Innovation-wise, he said that consumers "are looking for new experiences, and they expect new and different points of views on beauty."
An example, said Menesguen, is Shu Uemura, the L'Oréal-owned Japanese cosmetics brand that now ranks among the top five in all the U.S. stores it is sold and is growing at more than 70 percent stateside. As a brand, Shu Uemura had to go back to its roots and take a cue from the original philosophy of Shu Uemura himself — "Beautiful makeup starts with beautiful skin." Menesguen called it "a subtle combination of art, science and nature, which epitomizes the heart of Japanese culture."Its innovation stems from the brand's choice of natural ingredients, technologies and applications, he said.
To illustrate his second point, the importance of service, Menesguen discussed Kiehl's.
"It's all about service," he said of the L'Oréal-owned brand, which he likened to Japanese beauty brands, offering lengthy consultations and panoply of samples that can often result in a purchase.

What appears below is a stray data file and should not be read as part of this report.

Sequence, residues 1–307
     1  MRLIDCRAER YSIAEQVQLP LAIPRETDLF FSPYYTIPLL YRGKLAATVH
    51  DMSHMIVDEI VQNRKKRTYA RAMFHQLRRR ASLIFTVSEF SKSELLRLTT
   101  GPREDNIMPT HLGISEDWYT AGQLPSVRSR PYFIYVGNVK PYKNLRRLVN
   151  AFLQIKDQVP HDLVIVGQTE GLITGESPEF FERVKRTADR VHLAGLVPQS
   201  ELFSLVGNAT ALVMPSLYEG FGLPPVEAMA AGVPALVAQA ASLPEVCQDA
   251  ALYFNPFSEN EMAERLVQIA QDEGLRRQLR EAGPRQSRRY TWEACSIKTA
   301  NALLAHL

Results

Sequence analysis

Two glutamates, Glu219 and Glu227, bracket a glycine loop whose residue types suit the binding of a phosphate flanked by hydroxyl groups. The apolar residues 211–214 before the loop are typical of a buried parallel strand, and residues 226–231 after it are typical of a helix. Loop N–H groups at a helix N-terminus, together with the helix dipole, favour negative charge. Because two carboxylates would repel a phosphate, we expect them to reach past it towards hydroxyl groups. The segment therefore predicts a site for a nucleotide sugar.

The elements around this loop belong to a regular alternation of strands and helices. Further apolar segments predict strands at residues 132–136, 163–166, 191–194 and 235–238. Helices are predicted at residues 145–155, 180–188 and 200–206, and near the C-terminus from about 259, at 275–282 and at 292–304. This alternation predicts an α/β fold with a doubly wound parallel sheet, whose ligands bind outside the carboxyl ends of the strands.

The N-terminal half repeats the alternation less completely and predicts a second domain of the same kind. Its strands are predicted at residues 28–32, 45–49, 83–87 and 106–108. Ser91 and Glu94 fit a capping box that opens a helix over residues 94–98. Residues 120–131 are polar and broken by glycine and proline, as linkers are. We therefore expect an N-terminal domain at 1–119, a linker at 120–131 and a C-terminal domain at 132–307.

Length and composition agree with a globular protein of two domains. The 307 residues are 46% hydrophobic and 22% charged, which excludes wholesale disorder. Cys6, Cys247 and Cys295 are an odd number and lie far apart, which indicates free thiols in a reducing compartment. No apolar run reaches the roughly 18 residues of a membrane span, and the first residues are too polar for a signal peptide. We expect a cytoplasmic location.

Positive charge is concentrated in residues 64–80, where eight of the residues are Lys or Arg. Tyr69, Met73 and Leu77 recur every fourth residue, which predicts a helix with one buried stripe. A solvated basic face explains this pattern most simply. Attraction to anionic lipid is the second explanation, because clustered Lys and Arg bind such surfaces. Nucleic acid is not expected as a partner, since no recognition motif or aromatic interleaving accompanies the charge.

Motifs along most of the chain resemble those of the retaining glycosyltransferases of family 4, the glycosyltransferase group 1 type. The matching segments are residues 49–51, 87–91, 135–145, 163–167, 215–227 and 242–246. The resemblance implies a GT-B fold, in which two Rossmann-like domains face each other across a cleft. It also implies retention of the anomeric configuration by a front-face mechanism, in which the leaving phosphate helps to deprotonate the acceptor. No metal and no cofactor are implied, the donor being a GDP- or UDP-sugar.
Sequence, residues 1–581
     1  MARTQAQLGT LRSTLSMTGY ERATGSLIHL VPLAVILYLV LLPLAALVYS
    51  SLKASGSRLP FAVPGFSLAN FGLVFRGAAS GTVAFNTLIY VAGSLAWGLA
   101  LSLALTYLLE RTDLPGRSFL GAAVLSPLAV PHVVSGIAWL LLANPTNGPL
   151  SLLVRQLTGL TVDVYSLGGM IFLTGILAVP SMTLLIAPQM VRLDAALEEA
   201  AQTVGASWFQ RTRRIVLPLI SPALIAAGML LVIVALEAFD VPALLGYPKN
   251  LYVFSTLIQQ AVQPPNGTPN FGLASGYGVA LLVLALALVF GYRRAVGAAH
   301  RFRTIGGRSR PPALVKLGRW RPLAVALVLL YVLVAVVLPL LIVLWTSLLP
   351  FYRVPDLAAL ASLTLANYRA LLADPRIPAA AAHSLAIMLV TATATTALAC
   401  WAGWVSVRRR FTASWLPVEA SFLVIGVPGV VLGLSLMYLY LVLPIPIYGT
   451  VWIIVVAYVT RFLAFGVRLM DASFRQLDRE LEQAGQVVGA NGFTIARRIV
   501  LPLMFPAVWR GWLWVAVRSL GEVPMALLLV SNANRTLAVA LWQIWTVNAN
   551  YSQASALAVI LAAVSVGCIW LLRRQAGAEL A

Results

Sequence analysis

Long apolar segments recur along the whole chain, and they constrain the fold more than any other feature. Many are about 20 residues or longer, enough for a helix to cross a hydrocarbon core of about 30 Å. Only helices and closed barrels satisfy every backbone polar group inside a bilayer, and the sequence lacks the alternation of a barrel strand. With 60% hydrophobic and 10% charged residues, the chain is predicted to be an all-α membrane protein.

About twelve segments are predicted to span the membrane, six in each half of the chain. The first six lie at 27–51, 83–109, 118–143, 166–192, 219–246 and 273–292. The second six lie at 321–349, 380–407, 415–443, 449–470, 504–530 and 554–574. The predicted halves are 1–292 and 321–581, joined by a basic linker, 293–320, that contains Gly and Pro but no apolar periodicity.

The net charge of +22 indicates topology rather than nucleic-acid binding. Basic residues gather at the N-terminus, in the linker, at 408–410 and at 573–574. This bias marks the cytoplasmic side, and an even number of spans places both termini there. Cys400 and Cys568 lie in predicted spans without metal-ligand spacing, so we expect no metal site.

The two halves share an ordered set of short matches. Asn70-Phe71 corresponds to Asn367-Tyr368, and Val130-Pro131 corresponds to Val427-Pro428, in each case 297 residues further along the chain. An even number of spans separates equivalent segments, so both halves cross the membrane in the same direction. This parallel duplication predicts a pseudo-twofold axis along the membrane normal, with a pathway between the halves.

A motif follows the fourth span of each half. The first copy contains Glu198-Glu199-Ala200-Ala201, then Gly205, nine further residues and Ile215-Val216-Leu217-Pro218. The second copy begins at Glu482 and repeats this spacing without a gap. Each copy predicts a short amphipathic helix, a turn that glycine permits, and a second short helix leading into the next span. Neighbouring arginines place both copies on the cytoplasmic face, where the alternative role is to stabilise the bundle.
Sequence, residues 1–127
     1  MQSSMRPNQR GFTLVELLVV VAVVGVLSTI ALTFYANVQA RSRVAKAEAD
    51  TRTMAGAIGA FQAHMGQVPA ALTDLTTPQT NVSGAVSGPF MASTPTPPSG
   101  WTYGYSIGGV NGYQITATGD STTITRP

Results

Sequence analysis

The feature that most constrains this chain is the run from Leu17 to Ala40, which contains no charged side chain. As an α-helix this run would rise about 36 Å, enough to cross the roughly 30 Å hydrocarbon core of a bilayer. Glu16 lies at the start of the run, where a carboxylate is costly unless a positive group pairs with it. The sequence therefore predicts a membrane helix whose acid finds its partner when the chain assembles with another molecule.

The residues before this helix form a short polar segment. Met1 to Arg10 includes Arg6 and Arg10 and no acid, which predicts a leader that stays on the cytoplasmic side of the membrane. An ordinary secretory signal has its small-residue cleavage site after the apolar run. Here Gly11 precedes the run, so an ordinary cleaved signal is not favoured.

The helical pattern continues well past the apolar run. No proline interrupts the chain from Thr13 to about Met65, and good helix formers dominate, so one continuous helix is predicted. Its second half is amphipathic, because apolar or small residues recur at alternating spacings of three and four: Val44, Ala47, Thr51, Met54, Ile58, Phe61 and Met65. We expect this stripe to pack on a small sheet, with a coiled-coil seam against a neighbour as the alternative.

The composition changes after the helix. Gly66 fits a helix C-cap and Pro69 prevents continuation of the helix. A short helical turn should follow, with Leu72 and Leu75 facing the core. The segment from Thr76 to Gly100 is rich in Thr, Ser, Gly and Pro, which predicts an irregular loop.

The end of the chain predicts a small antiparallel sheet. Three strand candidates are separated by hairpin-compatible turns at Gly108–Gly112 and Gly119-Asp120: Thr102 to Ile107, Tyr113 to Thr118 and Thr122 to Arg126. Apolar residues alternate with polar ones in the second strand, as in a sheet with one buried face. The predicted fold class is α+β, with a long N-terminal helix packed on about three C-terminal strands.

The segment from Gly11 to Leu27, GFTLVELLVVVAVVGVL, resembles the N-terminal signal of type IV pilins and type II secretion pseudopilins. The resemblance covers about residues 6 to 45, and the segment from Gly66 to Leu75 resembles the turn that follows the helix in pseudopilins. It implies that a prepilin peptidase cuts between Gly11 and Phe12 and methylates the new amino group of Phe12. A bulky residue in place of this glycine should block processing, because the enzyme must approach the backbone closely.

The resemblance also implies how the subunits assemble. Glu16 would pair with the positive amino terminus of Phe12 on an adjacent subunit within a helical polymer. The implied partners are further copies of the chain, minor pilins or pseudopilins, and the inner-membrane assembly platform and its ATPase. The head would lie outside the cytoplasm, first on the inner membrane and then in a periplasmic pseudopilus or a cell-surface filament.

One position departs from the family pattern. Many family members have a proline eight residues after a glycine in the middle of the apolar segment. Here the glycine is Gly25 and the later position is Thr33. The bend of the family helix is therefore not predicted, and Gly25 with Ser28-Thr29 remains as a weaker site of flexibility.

"It's not a marketing strategy," he said. "It simply is an essential part of the brand. No service — no Kiehl's.
"This value of service is universal," continued Menesguen. "It also explains the immediate success of Kiehl's in Hong Kong, in Korea or in Taiwan, and how an American brand made it very quickly in this very competitive Asian environment. In a way, it also illustrates my first point on sheer innovation, because Kiehl's is as genuinely American as Shu Uemura is genuinely Japanese. And it creates the same excitement in Hong Kong as Shu Uemura in Los Angeles."